THE LATEST: On April 26, 2023, on behalf of Public Justice, Democracy Forward filed an amicus brief in the U.S. Court of Appeals for the Fifth Circuit in Environment Texas Citizen Lobby v. ExxonMobil. This brief affirms for the court that the plaintiffs in this case have done just what courts have required for decades, and what the Clean Air Act requires, in bringing a citizen-suit, which deputizes private citizens to help enforce the Act’s permitting requirements and emissions restrictions.
Exxon attempts to rely on a recent Supreme Court case, TransUnion v. Ramirez, to argue that plaintiffs must show with scientific certainty that Exxon’s emissions caused each of the precise harms suffered by the people living near and visiting Baytown, where Exxon’s refinery and plant are located.
Democracy Forward argued, on behalf of Public Justice, that Exxon grossly misread and misstated what TransUnion stands for, and that requiring this higher standard would go against decades of case law and set back individuals’ ability to challenge corporate actions through citizen suits, including the ability to challenge polluters in the towns where they live and visit. Our brief urges the Fifth Circuit, en banc, to affirm the district court and Fifth Circuit panel rulings.
Failing to do so would threaten to strip Congress of its ability to legislate in response to complex policy problems, threatening the separation of powers that is at the core of Article III standing and resulting in individuals’ inability to exercise rights delegated by Congress.
Environment Texas CItizen Lobby v. ExxonMobil centers on thousands of emission events at Exxon’s Baytown, Texas, petrochemical complex. From 2005 through 2013, Exxon released millions of pounds of sulfur dioxide, ozone-forming chemicals and toxic and carcinogenic pollutants into surrounding neighborhoods. Environment Texas and the Sierra Club – who both have residents that live in these communities – filed a citizen suit against Exxon.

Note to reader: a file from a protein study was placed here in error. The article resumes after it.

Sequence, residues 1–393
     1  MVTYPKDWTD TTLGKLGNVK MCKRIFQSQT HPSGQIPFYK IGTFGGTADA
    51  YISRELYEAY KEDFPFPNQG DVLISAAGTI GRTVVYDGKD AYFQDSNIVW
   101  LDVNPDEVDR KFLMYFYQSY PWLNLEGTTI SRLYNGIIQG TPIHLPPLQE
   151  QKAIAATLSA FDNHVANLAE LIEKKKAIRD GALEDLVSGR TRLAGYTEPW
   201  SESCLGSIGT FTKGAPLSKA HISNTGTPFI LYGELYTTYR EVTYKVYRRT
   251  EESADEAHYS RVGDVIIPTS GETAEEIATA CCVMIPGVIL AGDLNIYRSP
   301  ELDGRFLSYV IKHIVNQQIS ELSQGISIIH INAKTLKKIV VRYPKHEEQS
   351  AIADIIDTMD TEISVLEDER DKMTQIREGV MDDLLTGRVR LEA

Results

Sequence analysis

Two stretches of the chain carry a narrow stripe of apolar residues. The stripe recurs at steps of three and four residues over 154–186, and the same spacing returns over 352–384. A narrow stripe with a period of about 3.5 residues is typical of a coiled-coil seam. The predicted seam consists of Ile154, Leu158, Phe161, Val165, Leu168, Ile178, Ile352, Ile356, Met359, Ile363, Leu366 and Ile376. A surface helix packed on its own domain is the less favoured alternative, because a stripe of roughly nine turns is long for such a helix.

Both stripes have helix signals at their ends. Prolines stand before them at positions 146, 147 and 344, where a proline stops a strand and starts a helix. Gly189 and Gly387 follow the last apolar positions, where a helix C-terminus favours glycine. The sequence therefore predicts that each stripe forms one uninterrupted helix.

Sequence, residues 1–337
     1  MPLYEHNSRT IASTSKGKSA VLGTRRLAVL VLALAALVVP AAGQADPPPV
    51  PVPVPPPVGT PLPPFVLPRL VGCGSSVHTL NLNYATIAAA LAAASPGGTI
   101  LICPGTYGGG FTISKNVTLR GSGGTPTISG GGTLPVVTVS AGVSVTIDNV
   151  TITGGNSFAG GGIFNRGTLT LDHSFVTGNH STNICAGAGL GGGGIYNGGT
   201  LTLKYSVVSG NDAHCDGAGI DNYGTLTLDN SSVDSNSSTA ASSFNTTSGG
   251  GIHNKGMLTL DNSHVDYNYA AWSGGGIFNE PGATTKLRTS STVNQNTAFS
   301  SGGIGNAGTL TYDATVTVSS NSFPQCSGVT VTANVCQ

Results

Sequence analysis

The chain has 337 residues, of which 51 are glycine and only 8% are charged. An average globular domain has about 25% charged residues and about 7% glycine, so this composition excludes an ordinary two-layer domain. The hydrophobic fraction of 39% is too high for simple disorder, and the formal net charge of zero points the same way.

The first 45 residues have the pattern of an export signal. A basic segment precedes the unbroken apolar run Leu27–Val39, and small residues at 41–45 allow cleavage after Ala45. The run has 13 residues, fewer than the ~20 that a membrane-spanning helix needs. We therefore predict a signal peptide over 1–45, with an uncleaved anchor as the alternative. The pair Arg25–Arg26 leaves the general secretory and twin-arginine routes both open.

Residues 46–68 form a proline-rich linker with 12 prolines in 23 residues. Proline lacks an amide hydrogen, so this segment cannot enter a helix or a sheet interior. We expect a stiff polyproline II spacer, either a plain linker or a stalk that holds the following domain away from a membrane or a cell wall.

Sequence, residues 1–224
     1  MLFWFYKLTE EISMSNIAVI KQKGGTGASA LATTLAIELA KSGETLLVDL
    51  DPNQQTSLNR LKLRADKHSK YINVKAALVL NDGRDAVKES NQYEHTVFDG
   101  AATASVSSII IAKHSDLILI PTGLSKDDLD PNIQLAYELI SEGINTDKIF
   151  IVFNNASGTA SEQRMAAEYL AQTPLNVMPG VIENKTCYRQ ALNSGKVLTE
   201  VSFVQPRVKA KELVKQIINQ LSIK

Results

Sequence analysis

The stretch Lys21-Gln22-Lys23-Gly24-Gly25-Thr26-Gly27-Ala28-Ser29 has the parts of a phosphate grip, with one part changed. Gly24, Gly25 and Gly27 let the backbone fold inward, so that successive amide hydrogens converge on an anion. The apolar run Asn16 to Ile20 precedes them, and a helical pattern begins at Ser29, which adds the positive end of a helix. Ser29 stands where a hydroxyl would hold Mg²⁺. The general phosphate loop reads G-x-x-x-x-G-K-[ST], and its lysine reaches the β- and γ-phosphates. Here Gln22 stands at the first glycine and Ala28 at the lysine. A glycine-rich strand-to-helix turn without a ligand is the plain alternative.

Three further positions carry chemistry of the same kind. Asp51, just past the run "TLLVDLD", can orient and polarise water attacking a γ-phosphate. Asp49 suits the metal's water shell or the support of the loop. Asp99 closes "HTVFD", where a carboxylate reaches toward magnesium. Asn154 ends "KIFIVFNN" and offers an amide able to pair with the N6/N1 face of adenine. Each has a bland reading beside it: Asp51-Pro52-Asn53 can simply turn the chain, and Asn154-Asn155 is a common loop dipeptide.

The Clean Air Act, the Clean Water Act and other federal environmental laws established the right of citizens to sue companies for violations when the government fails to do so. These citizen suits are a powerful tool for community groups to reduce pollution, hold violators accountable and spur government regulators to do their jobs.
Citizen suits don’t seek personal compensation for illness or property damage. Plaintiffs must simply show they have a personal stake in the outcome of the controversy by establishing that they have suffered injuries that are “fairly traceable” to the illegal conduct. Courts across the country have held that evidence showing that the types of injuries plaintiffs suffer can be caused by the pollutants illegally discharged into their neighborhoods is sufficient to meet this “traceability” standard.
The trial judge levied an unprecedented fine to punish the company for 3,651 instances of illegal flaring and other unauthorized releases of pollutants – more than one per day, on average, for eight solid years. Exxon, however, argues the Court should conduct a separate standing inquiry for each of its 3,651 violations and require the plaintiffs to connect their injuries to specific unlawful instances. The Fifth Circuit rejected Exxon’s argument that the United States Supreme Court’s decision in TransUnion LLC v. Ramirez, altered the Fifth Circuit’s analysis of the injury-in-fact requirement for standing.
In ExxonMobil’s appeal, the company tried to convince the 5th Circuit en banc to deviate from decades of settled case law prescribing the circumstances under which citizens have legal standing to bring environmental enforcement suits.